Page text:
Four Years Later, The Feds Fine Virginia Tech

Four years ago, in April 2007, Virginia Tech experienced the deadliest school killings in American history.  Gunman Cho Seung-Hui shot more than 40 people, killing 32.  The rampage began when he shot two students in a dormitory.  Two hours and 15 minutes later, the University sent out an email advising that there had been a shooting on campus.  A few minutes after that, Cho resurfaced and began a bloody massacre that resulted in most of the student deaths.

Now, four years later, the federal Department of Education has advised Virginia Tech that it will be fined for violation of the Clery Act, a federal law that requires timely reporting of crimes on campus.  The amount of the fine is a paltry $55,000 — the maximum permitted under the law — although the Department of Education letter to the school helpfully says that “Virginia Tech’s violations warrant a fine far in excess of what is currently permissible under the statute.”  Virginia Tech could have been stripped of some of the $98 million in federal student aid it receives, but the Department of Education decided not to take that step.  Virginia Tech has said it will appeal the decision.

Does anyone else find this situation farcical?  A horrific tragedy occurs, 32 people are killed, and four years later the federal government levies a $55,000 fine?  The whole situation is so ludicrous it seems like an insulting joke.  If it takes the feds four years to fine Virginia Tech such a paltry sum for such a colossal loss of life, what is the point of having a federal role at all?  And really, what is the federal interest in crimes committed on a college campus?  That some of the students who were shot down will be unable to repay their federally guaranteed student loans?

This is another example of the absurdity of the federal government’s continuing intrusion into all facets of American life.  The response to most criminal acts, like Cho’s rampage, should be a matter for state law and state courts.  There is no need for a federal role — and certainly not when the federal government moves with such leaden speed, and assesses such a ridiculous fine for such carnage.  Does anyone doubt that the amount spent on the federal investigation into the Virginia Tech shootings far outstrips the negligible $55,000 fine?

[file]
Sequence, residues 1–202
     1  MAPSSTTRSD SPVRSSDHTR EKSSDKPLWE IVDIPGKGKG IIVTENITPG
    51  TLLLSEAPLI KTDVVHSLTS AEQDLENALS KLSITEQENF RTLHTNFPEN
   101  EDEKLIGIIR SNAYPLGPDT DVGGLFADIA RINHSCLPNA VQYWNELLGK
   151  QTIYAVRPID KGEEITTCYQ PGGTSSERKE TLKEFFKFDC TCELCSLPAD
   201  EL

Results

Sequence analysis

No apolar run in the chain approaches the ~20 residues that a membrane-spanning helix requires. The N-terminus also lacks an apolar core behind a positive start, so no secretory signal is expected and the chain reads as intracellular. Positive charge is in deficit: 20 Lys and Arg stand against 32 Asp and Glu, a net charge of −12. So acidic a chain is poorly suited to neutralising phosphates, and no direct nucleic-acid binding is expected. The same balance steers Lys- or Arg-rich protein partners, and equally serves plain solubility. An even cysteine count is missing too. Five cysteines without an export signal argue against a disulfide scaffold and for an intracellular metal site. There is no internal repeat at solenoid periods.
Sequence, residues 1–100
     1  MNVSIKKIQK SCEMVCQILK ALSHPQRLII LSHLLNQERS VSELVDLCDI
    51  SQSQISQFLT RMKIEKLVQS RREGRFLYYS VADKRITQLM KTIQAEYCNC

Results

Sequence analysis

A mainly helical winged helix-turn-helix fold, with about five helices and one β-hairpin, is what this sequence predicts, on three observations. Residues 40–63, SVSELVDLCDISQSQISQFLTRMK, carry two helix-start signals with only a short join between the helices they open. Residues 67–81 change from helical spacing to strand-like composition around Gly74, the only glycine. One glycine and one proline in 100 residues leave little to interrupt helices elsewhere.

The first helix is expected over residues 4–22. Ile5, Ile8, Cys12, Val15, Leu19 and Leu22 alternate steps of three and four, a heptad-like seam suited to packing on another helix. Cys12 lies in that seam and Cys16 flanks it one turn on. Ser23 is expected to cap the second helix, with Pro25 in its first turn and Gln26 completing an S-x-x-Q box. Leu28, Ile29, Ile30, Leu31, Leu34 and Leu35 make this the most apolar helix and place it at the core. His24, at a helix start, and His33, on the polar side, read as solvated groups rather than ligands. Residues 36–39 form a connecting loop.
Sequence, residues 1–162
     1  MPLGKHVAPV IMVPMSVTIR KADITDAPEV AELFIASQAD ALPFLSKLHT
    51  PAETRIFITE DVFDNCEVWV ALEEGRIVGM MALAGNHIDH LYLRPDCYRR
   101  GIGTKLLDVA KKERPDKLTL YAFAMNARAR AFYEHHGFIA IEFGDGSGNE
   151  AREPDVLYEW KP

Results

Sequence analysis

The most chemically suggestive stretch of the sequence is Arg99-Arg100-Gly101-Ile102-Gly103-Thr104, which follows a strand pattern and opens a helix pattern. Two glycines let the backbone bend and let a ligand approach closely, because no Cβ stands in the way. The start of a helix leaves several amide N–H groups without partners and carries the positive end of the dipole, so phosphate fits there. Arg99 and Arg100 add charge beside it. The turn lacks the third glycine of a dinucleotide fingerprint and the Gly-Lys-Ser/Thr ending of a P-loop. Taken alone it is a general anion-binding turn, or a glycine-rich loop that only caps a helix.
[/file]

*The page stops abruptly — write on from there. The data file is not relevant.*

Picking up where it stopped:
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Making A Federal Case Out Of It

In case you missed it, last week was the first “federal anti-bullying summit.”

According to statistics quoted at the summit, in 2007 one out of three middle school and high school students reported being bullied at some point.  Does anyone really think that percentage is greater than it was in, say, 1970?  Speaking as an overweight, pimply, glasses-wearing junior high school student of that era, I can assure you from bitter personal experience that bullying was alive and well in the America of decades gone by.  Watch A Christmas Story or Back To The Future if you don’t believe me.

So, what has changed?  Just the fact that the federal government now seems to be involved in everything.  And listen to what Arne Duncan, the Secretary of Education, had to say about the federal response to bullying, according to the article linked above:  “Duncan promised new coordination among federal agencies, better data to understand the problem and solutions, and more federal funding, especially for those schools with the greatest needs.”

So, we will try to “solve” local bullying problems by getting federal agencies more involved, doing some national-level numbers crunching, and throwing more federal bucks at the schools that apparently are the most inept at dealing with their specific bullying problems.  Does anyone else find this ridiculous, as well as pointless?

Have our local school boards and school administrators really become so feeble and pathetic that they have to look to Washington, D.C. to figure out how to deal with the playground bully?  Ralphie didn’t need the feds to tell him how to deal with Scut Farkas, and Marty managed to take care of Biff without seeking federal funding.  Wouldn’t we all be better off if our local institutions and school principals actually did their jobs and the federal government focused on issues that are truly national in scope and importance?